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The real story about closed-, open-loop Class D amps

Posted: 04 Sep 2009 ?? ?Print Version ?Bookmark and Share

Keywords:Class D amplifier? PSRR? rail supplies?

Historically, power supply rejection ratio (PSRR) has been an excellent measurement of an amplifier's ability to reject supply noise from its output. With the ever-increasing presence of Class D amplifiers and the efficiency advantages they provide, however, it is no longer sufficient to rely only on PSRR as an indicator of power supply noise rejection.

This is especially evident when comparing PSRR specs of open- and closed-loop digital-input I?S amplifiers. Many times the PSRR specs are identical, but when listening to the amplifiers with less than ideal power supplies, clearly there is a difference in audio performance. This article provides an overview of the traditional PSRR measurement, explains why it does not adequately capture the supply rejection performance in Class D amplifiers in a bridge-tied load (BTL) configuration, and describes an alternate way to measure the effects of power supply noise in Class D amplifiers.

To understand why the PSRR measurement no longer adequately captures the supply rejection performance, we need to look back in time when Class AB amplifiers dominated consumer audio electronics. Class AB amplifiers were commonly configured in either a single-ended (SE) or BTL output configuration, as they are today. In fact, it was fairly common for SE Class AB amplifiers to have split rail supplies (i.e. +/- 12V) as power supplies were predominantly transformer-based and adding a second rail was not cost-prohibitive. The BTL configuration was more commonly used in audio systems that did not have a split rail supply. Whether talking about SE or BTL configurations, Class AB amplifiers inherently have good PSRR, given their fundamental architecture and output levels that are typically well below the supply rail voltage.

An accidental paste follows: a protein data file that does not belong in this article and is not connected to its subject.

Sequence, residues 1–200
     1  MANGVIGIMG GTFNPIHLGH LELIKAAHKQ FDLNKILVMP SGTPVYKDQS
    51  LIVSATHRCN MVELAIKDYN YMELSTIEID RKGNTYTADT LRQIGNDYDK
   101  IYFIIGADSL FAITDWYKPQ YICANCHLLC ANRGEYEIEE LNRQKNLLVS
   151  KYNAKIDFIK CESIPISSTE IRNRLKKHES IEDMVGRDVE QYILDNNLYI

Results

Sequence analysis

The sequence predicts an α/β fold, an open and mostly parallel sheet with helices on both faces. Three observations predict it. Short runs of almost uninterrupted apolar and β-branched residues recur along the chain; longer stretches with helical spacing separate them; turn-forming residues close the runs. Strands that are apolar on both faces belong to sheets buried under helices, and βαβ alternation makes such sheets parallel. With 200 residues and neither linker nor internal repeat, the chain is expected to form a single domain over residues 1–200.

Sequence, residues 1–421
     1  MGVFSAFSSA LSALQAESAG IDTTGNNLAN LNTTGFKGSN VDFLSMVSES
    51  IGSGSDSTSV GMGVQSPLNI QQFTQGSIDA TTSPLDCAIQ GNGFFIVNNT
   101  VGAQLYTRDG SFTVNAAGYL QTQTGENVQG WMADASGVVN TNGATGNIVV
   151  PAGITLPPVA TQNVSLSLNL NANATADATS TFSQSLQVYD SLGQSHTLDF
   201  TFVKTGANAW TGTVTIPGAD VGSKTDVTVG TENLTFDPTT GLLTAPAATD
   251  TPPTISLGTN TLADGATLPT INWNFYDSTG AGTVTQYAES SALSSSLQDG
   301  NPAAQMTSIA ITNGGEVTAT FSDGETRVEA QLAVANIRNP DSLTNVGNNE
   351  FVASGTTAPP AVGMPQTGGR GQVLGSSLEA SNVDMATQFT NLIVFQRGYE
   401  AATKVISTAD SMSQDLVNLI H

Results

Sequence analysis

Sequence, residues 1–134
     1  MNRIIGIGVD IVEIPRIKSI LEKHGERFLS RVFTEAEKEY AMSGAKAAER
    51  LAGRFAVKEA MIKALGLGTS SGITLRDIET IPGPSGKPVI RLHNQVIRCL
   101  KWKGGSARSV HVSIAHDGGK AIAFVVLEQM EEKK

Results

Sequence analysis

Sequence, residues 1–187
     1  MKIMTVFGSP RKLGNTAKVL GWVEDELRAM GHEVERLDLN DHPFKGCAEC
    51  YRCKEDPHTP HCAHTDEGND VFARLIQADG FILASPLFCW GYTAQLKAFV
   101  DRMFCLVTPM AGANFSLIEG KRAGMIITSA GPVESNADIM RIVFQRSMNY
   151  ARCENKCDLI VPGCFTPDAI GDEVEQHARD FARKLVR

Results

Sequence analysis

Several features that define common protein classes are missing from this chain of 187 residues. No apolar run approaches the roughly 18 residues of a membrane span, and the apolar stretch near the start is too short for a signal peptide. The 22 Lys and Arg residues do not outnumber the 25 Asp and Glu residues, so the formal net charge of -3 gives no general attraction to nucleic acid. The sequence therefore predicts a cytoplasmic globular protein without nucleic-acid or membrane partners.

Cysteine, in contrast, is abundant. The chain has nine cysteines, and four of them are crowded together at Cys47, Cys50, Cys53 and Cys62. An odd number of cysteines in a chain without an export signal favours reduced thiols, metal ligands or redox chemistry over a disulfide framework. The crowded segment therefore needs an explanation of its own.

For Class AB amplifiers, the PSRR measurement provides a relatively good indication of the amplifier's ability to reject supply noise, and is especially accurate for the SE configuration. Fast forward a bit in time and we start to see Class D amplifiers hitting the market. Their extremely efficient operation changed the market dynamics, enabling considerable innovation in industrial design, especially in smaller form factors. However, their architecture was fundamentally different than Class AB amplifiers, and their output configuration of choice was almost exclusively BTL.

In the BTL configuration, the Class D amplifier has two output stages consisting of four FETS (also known as a full-bridge). While the SE Class D amplifier has just a single output stage consisting of two FETS (also known as a half-bridge). The BTL output configuration has a number of advantages over SE configurations, including four times the output power for a given supply rail, better bass response, and superior turn on/off click and pop performance. A disadvantage of the BTL architecture is that you need twice the number of FET transistors. This means a larger silicon die size and associated cost, and double the reconstruction filter (LC filter) costs. While in today's market you can see both SE and BTL Class D amplifiers, the majority are BTL.

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